History of Coventry Village
The Coventry Village Business District has been the home to the well-to-do, Jewish and Russian immigrants, hippies, college students and non-conformists throughout most of its rich history. Developed between 1919 and 1922, the district extends from Mayfield Road to Euclid Heights Boulevard.
It Began with a Theater:
In 1919, the Heights Theatre, a 26,000 square foot, 1200 seat movie theater was one of the first commercial structures to be constructed within the Euclid Heights Allotment. The brick structure, designed by Cleveland architect Albert F. Janowitz, boasted a grand marquee marked with the beginning of what would become the first commercial district in Cleveland Heights.
Soon after the construction of the theater, businesses realized the need for a commercial center in this growing community and located along Coventry Road. In 1922, the district consisted of retail stores, automobile garages, a bank, restaurants and a dentist’s office. In September of that year, the city began the improvement of Coventry Road along this busy district.
Meeting the Needs of the Neighborhood:
Coventry served it population, catering to different groups overtime. In the 1920s and 1930s, businesses included those targeting specific services including automobile, banking and dining. In the 1940s and 1950s, the business district catered to the immigrant Jewish community who frequented delicatessens and tailor shops. In the 1960s, Coventry became the home for the hippie generation. In the fall of 1967, local merchants began to cater to this population bringing this counterculture to Cleveland Heights.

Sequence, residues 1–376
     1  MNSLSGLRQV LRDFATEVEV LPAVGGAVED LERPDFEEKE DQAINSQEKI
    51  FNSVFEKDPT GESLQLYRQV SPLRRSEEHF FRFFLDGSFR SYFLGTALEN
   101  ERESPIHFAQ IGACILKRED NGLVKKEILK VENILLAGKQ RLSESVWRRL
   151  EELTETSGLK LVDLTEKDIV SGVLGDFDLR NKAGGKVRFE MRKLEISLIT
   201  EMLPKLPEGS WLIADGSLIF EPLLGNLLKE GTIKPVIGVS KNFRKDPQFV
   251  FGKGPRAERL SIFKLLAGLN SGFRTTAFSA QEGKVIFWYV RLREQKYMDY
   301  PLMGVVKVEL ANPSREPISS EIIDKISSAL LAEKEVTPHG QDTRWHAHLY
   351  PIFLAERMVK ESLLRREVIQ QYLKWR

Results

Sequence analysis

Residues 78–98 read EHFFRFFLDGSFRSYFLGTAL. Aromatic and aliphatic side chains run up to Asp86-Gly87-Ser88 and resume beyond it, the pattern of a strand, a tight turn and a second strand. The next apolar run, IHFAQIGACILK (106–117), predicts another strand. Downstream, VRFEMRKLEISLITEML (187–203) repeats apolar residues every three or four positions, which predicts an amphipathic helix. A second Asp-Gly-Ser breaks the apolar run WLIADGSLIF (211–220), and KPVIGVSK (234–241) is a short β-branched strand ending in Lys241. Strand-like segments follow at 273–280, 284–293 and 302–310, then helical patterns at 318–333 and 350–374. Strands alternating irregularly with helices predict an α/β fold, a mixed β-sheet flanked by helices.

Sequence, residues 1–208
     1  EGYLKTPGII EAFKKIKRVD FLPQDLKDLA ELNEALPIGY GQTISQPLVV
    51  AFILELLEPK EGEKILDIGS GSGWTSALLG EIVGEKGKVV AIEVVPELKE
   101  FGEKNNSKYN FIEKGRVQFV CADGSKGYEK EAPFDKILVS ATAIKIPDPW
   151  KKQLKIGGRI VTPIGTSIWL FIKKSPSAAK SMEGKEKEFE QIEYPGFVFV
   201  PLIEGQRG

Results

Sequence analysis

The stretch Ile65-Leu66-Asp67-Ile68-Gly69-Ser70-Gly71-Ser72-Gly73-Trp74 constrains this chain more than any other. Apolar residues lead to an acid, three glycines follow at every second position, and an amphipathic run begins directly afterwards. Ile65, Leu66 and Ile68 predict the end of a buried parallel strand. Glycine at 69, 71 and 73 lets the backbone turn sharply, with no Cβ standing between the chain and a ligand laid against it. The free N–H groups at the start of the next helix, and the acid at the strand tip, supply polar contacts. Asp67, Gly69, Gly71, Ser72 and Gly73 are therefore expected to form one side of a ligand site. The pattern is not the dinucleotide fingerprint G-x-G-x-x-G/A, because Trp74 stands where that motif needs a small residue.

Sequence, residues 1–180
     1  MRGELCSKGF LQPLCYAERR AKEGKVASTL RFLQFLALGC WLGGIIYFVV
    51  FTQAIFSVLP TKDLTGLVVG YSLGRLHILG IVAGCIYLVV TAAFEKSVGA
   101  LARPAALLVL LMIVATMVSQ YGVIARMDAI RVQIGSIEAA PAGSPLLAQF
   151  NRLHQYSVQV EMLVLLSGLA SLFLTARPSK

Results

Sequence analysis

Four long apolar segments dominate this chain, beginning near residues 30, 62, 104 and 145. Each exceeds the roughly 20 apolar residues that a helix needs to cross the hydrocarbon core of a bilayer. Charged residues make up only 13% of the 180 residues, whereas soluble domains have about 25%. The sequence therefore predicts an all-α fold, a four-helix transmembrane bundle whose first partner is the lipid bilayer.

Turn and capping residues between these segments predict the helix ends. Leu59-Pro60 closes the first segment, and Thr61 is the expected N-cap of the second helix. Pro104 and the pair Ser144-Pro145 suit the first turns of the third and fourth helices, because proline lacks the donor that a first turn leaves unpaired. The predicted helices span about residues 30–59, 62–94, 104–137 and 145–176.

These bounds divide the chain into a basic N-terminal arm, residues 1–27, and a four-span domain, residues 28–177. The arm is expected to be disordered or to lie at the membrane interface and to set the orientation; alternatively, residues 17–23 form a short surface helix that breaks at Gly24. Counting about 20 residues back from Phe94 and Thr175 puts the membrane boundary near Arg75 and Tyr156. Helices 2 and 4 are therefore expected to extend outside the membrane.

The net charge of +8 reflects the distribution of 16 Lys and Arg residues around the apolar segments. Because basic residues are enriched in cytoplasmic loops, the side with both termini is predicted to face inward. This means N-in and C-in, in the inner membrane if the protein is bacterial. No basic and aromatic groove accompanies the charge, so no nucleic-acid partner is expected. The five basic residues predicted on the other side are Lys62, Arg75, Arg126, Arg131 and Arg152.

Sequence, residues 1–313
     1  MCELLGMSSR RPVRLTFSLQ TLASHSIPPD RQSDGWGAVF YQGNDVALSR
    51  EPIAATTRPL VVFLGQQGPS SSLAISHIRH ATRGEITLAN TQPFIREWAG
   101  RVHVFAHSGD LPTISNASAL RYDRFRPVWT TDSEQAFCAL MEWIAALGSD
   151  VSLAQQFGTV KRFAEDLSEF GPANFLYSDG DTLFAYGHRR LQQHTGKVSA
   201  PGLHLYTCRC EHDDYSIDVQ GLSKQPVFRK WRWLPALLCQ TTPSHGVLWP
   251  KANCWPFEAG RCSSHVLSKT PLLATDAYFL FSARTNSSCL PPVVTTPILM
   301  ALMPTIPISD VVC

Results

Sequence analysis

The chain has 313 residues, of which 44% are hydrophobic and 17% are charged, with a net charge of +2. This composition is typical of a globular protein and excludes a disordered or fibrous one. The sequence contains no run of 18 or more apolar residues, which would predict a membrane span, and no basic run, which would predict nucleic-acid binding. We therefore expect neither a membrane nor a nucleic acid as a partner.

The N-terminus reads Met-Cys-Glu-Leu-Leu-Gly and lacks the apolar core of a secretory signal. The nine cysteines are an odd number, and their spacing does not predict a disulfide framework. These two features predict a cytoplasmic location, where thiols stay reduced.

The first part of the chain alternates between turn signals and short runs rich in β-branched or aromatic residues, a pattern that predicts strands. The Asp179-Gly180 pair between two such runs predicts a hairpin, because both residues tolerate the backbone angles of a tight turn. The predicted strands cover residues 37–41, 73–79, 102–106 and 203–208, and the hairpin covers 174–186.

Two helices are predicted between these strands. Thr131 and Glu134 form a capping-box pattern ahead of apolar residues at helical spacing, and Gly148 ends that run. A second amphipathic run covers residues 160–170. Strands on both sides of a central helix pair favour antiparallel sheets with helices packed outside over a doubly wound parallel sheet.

During the decades of the 1970s, 1980s and 1990s, the Coventry area remained a place for "1960s throwbacks" as well as those who followed the musical trends of punk, progressive and alternative bands. Both the residents of the area as well as the merchants and restaurateurs remained relatively the same as the 1960s. THe 1990s saw a rebirth of the area as a place for upscale and unique restaurants intermingled with service merchants and unique shops carrying one-of-a-kind items.
From the 1970s through the 1990s, Coventry experienced architectural change, although typically not by choice. Two fires in 1978, another in 1988 and yet another in 1991 resulted in either the rebuilding or renovation of numerous buildings. In 1994 a simple one-story brick commercial structure was demolished to make way for a parking garage.
With the new millennium, Coventry focused its efforts on a facelift, designed to further emphasize the district’s commitment to the arts while retaining the integrity of the small restaurant, shop and store owners.
Kara Hamley O’Donnell is Historic Preservation Planner for the City of Cleveland Heights. The history portion of this article was excerpted from her Master’s Thesis, "Cleveland’s Park Allotment: Euclid Heights, Cleveland Heights, OH, and its Designer, Earnest W. Bowditch," Cornell University, 1996.
The historical photos for this excerpt were provided by The City of Cleveland Heights.
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